Healthcare Open Enrollment is RIGHT Around the Corner!
There are LOTS of Changes YOU Need to Know About!
Before we get into the specific changes, there are some dates you need to put on your calendar for the open enrollment period:
- November 1, 2016: Open Enrollment Begins
- December 15, 2016: Meet this enrollment deadline to ensure coverage begins on January 1, 2017
- December 31, 2016: Coverage ends on this date. If you have NO changes to your plan, your plan will be auto-renewed
- January 31, 2017: This is the VERY LAST day you can apply for 2017 healthcare coverage
If you miss these deadlines, you cannot enroll again until November 1, 2017 unless you have special “life event” changes take place. Life event changes include: having a baby or losing your job.
Did you know?
If you do not enroll in Obamacare or have an approved form of health insurance during 2017, you will be fined 2.5% of your income or $695 per adult – whichever is higher. Please note that the amounted listed is only an estimation as the higher 2017 dollar amount has not been released as of yet.
Those living at poverty levels can enroll at any time in the Medicaid or CHIP (Children’s Health Insurance Program). These programs do not have a specific enrollment period or timeframe to adhere to. Please note, there are some restrictions to adhere to such as income restrictions.
Let’s first say good-bye to:
Say Hello to:
- Cigna – they exited the Florida Exchange in 2015 but are coming back in 2017
- Molina – They are expanding from South Florida to the Tampa Bay area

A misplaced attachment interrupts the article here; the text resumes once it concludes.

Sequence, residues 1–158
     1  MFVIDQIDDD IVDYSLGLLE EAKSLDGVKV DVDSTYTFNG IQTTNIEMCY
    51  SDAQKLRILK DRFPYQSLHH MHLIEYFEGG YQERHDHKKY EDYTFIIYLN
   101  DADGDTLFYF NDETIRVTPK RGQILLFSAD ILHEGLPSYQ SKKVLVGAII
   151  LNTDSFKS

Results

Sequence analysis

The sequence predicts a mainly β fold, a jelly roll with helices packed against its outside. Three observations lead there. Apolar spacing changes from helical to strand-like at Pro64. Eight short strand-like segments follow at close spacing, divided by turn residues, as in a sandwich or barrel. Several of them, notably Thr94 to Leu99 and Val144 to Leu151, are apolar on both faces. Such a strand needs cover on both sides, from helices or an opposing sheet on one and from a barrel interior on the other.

- Harken Health (a subsidiary of United Healthcare) is planning to enter the exchange in the Miami and and Fort Lauderdale area
Humana plans to scale back it’s participation in the Marketplace but will remain in the Florida Exchange system.
Other changes coming down the pike in 2017 include rate changes that have not been approved by the state yet.
Other Obamacare changes people can expect to see in 2017 are:
When you select a healthcare plan, there are usually two things you ask:
1) How much is it going to cost me
2) Is my doctor or the hospital I prefer in my plan
A common complaint last year was inaccurate doctor and hospital information. The new rules mandate that:
- Insurance providers are required to give consumers a 30-day notice when a doctor is being removed from a network
- If a doctor/provider is being removed from a network and a patient is in active care/treatment with the physician being removed, the insurance company must allow for up to 90 days treatment under the physician’s care
Reduction in “Surprise” medical bills from out-of-network providers
Many patients have complained about receiving unexpected invoices and bills from out-of-network doctors, even when the patient thought the doctor was in network. The new rule calls for:
- Ancillary care amounts to be applied towards a patient’s yearly out of pocket maximum expenses
Note, this rule only applies to those instances where the insurer has not given patients the correct notification that they will be receiving care from individuals outside of the network. The general rule is that a patient must be notified that they will receive care from an out of network provider within 48 hours.
Better Explanation of Out-Of-Pocket Expenses/Costs
During 2017, insurers are to offer plans with a standard set of coverage costs (deductibles and copays). With this information easily attainable, the patients will better understand the out-of-pocket fees associated with the plan they select.
Do you have specific questions about open enrollment and how the 2017 marketplace changes could affect you? Contact me, Your Obamacare Guy! I can be reached at: (813) 391-3448 or email address: dave@YourObamacareGuy.com